Working in Leeds
Leeds has a strong population of undergraduates, with its universities offering qualifying law degrees, and this population feeds into a bustling community of young professionals. A number of major law training providers have opened centres in Leeds in recent years, marking it as a legal hub in its own right.
Practising law in Leeds gives you the opportunity to work with individual and business clients, in a city with a varied population and a variety of needs. A number of reputable regional firms are headquartered in Leeds, with some operating solely out of the city, while others serve other areas of Yorkshire: it’s a chance to work at the forefront of the community in a variety of contentious and advisory areas of law. With healthcare, digital, manufacturing and financial sectors all booming in Leeds, you can expect your clients to be both large and emerging players in these areas.
Roles will vary depending on which type of firm you go for - at a small regional firm in Leeds, you could be assisting individuals with personal injury, medical negligence, residential property and industrial disease. At a larger regional firm, or a branch of a national law firm, you could be working with national businesses on commercial litigation and corporate law.
There are a number of opportunities to connect with like-minded young lawyers once you move to Leeds. Firstly, it’s a good idea to join the Leeds Branch of the Junior Lawyers Division (JLD), to get involved in everything from networking events to socials. Junior Chamber International (JCI) also has a Leeds network—JCI helps young professionals and entrepreneurs to form community links upon moving to a new city, and can provide professional networking opportunities as well as a diverse group of people to socialise with.
Once a thriving mill town at the centre of British industry, Leeds has undergone significant regeneration to become a cosmopolitan hub, boasting a wealth of cultural pursuits.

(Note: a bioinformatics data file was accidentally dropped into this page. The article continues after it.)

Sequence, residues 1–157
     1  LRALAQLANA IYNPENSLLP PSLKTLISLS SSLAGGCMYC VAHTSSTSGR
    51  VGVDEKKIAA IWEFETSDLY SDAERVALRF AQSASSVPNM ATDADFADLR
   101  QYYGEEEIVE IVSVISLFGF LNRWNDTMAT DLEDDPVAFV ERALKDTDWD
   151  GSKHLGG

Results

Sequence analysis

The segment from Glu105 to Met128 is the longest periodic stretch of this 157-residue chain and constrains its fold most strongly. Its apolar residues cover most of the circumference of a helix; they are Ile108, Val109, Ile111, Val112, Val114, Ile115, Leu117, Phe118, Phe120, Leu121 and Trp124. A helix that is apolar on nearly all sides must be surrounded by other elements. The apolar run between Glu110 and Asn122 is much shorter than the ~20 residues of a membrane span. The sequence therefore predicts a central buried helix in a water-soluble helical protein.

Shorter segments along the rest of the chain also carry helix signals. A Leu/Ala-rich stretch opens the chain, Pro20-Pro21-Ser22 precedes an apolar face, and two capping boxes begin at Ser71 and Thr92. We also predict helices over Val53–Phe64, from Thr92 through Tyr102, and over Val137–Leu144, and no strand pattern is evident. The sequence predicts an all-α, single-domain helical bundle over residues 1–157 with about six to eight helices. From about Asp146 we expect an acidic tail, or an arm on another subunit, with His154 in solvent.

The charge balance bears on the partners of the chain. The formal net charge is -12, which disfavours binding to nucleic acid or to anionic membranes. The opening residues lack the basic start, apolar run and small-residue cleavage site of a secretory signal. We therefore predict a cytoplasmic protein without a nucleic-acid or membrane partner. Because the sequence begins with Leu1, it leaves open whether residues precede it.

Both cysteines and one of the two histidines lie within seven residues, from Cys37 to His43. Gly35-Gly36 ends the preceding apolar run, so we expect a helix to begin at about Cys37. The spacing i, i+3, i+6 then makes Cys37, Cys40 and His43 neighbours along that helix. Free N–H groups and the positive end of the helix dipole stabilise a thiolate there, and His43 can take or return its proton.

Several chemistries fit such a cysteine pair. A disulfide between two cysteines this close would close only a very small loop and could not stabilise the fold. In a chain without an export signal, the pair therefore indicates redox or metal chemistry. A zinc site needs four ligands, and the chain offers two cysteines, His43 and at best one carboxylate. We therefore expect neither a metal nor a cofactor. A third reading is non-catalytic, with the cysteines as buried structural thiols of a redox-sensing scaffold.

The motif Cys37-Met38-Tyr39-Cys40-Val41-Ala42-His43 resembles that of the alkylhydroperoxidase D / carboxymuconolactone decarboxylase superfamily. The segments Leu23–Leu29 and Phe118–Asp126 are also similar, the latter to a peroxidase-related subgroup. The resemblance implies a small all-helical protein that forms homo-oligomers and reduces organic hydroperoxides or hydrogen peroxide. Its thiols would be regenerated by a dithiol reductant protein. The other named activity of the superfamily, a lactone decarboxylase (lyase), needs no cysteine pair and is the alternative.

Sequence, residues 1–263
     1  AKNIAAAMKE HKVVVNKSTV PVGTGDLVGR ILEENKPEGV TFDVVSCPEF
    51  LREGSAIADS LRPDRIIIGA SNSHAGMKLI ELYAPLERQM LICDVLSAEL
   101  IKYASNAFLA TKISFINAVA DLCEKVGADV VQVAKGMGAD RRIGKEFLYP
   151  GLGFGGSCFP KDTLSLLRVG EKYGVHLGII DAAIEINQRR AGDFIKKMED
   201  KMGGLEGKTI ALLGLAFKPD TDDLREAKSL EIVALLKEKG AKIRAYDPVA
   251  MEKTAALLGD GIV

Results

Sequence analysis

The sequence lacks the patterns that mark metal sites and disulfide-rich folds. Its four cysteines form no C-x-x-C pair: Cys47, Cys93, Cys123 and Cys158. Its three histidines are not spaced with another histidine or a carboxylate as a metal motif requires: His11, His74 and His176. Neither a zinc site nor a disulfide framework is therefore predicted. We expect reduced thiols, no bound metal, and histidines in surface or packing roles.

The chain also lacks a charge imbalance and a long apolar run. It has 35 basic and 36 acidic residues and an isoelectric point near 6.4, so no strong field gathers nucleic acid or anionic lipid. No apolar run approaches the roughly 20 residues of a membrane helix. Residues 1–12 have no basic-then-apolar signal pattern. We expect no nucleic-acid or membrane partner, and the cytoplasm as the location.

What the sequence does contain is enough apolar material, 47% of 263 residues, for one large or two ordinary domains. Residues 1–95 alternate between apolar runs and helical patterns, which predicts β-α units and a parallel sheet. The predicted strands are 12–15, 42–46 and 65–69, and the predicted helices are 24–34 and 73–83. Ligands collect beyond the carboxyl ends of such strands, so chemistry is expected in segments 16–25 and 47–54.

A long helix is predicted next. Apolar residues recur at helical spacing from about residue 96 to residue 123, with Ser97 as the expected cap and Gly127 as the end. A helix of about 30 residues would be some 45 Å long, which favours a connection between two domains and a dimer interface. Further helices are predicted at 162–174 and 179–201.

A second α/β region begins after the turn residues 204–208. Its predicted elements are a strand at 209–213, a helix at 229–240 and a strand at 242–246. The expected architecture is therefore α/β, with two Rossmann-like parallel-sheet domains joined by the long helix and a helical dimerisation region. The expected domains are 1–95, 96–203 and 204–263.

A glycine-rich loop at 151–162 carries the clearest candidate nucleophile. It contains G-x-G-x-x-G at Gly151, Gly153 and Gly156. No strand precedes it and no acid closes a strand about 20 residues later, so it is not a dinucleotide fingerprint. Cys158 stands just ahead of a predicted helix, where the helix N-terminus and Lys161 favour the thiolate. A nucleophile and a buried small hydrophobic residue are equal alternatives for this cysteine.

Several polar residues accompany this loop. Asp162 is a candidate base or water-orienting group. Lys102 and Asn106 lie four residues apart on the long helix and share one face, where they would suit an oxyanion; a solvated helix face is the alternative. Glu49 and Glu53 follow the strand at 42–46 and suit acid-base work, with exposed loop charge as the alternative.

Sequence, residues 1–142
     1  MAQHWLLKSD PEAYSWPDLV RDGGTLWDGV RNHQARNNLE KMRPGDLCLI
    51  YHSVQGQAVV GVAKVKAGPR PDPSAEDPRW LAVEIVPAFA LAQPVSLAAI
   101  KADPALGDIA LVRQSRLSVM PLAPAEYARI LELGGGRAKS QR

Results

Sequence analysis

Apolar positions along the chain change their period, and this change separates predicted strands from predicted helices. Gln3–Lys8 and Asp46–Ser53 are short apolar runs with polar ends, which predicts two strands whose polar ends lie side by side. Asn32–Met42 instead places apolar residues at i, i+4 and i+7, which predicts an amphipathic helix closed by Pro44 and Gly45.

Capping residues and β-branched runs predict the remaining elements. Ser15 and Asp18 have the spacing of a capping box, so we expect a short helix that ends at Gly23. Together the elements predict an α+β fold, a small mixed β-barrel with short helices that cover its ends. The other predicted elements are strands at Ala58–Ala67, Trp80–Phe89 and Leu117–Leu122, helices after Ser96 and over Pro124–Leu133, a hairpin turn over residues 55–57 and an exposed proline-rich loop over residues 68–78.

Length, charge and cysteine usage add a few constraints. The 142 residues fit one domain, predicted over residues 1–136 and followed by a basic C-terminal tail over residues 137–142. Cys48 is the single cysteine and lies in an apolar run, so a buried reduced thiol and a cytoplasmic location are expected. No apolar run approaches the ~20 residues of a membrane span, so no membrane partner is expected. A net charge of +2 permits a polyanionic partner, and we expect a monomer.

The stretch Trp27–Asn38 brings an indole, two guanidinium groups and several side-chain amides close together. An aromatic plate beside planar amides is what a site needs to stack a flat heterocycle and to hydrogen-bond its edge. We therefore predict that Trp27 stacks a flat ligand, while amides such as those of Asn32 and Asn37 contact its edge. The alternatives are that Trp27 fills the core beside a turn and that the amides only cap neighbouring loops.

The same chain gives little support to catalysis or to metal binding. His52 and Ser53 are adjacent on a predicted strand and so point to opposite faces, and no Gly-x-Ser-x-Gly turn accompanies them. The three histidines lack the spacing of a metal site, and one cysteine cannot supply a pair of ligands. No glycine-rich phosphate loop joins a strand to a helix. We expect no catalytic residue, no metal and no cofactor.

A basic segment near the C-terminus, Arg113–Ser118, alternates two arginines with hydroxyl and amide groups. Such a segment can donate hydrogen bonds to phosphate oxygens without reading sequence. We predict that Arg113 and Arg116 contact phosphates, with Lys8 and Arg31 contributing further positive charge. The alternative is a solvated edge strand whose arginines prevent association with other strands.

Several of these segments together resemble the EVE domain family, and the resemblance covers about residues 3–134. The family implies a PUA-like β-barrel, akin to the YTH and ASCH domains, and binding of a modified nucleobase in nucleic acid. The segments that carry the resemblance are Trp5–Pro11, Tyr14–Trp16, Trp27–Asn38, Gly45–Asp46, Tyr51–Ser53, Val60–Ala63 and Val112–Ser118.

Leeds offers a lot of freedom of experience: you can opt to live in the bustling city centre, perhaps in a converted mill or warehouse, on Leeds waterfront in a new-build with panoramic views, or if you’d prefer some peace and quiet after a long day of litigation, Leeds has many nearby suburbs which are becoming increasingly popular with its young professionals.
There’s a wealth of Caribbean culture within Leeds, which manifests in the annual Leeds West Indian Carnival, a huge celebration of Caribbean culture and the longest-running authentic parade of its kind in the UK.
While Leeds has all of the metropolitain liveliness expected of a prominent UK city, its piece de resistance has to be its proximity to the sublime Yorkshire countryside. When city life gets overwhelming, you’ll never be far from a weekend break in more peaceful surroundings.
With three universities to stimulate it, the nightlife in Leeds is not something to be missed, so you’ll always have the prospect of letting your hair down at the weekend. If you’d prefer something a little more refined, check out the Grand Theatre, which has diverse programmes of entertainment from local and national companies.
With a couple of larger music venues serving as tour stops for national and international artists, and the inimitable Leeds Festival occurring every year, Leeds certainly knows how to please the crowds when it comes to music. There are also a series of intimate music venues to accomodate more niche interests, too.
- Visit the The Tetley; rather than indulging in a beer, you can instead expect to see up-and-coming contemporary art, with a variety of contemporary exhibitions now gracing the walls of this former brewery.
- Watch the blockbusters of today whilst getting a sense of the past at the Hyde Park Picture House—established in 1914, this arthouse cinema has retained most of its original features.
- Take your tastebuds to wonderland with a trip toThe Man Behind the Curtain; a Michelin-starred restaurant which features an 11-course menu.
- For something less fancy, satisfy your street food cravings at Trinity Kitchen, which hosts a rotation of six new street food vans every eight weeks.
- Develop (or revive) your interest in rugby league by watching the Leeds Rhinos—some say watching a rugby league game is the true initiation into life as an honorary northerner.
Take advantage of the bustling Leeds Station, connecting you to major destinations nationwide such as London, Manchester and Liverpool. You can get further afield by driving 30 minutes to Leeds Bradford International Airport, which will link you to many major European destinations. Leeds also lies close to many of the country’s major motorways, so travelling long distances by car is also possible.
Within the city, congestion levels are low, and you can opt to walk or cycle if you prefer due to the relatively close proximity of key destinations. Alternatively, buses operate within the city, as well as regional train services to wider Yorkshire areas.